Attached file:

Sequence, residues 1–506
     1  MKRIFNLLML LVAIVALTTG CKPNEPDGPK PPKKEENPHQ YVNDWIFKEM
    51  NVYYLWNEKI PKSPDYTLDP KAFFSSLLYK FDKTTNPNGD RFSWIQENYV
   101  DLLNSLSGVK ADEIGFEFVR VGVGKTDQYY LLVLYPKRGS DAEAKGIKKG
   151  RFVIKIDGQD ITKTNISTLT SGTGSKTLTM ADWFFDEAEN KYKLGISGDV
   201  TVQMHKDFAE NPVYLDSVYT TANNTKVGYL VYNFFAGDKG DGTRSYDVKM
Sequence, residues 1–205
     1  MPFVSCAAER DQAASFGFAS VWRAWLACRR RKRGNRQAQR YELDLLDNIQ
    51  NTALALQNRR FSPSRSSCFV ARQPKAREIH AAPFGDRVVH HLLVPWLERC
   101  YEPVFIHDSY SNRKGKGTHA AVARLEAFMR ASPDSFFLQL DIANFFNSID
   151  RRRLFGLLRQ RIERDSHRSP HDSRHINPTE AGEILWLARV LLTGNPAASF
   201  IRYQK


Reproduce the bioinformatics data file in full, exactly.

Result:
Sequence, residues 1–506
     1  MKRIFNLLML LVAIVALTTG CKPNEPDGPK PPKKEENPHQ YVNDWIFKEM
    51  NVYYLWNEKI PKSPDYTLDP KAFFSSLLYK FDKTTNPNGD RFSWIQENYV
   101  DLLNSLSGVK ADEIGFEFVR VGVGKTDQYY LLVLYPKRGS DAEAKGIKKG
   151  RFVIKIDGQD ITKTNISTLT SGTGSKTLTM ADWFFDEAEN KYKLGISGDV
   201  TVQMHKDFAE NPVYLDSVYT TANNTKVGYL VYNFFAGDKG DGTRSYDVKM
Sequence, residues 1–205
     1  MPFVSCAAER DQAASFGFAS VWRAWLACRR RKRGNRQAQR YELDLLDNIQ
    51  NTALALQNRR FSPSRSSCFV ARQPKAREIH AAPFGDRVVH HLLVPWLERC
   101  YEPVFIHDSY SNRKGKGTHA AVARLEAFMR ASPDSFFLQL DIANFFNSID
   151  RRRLFGLLRQ RIERDSHRSP HDSRHINPTE AGEILWLARV LLTGNPAASF
   201  IRYQK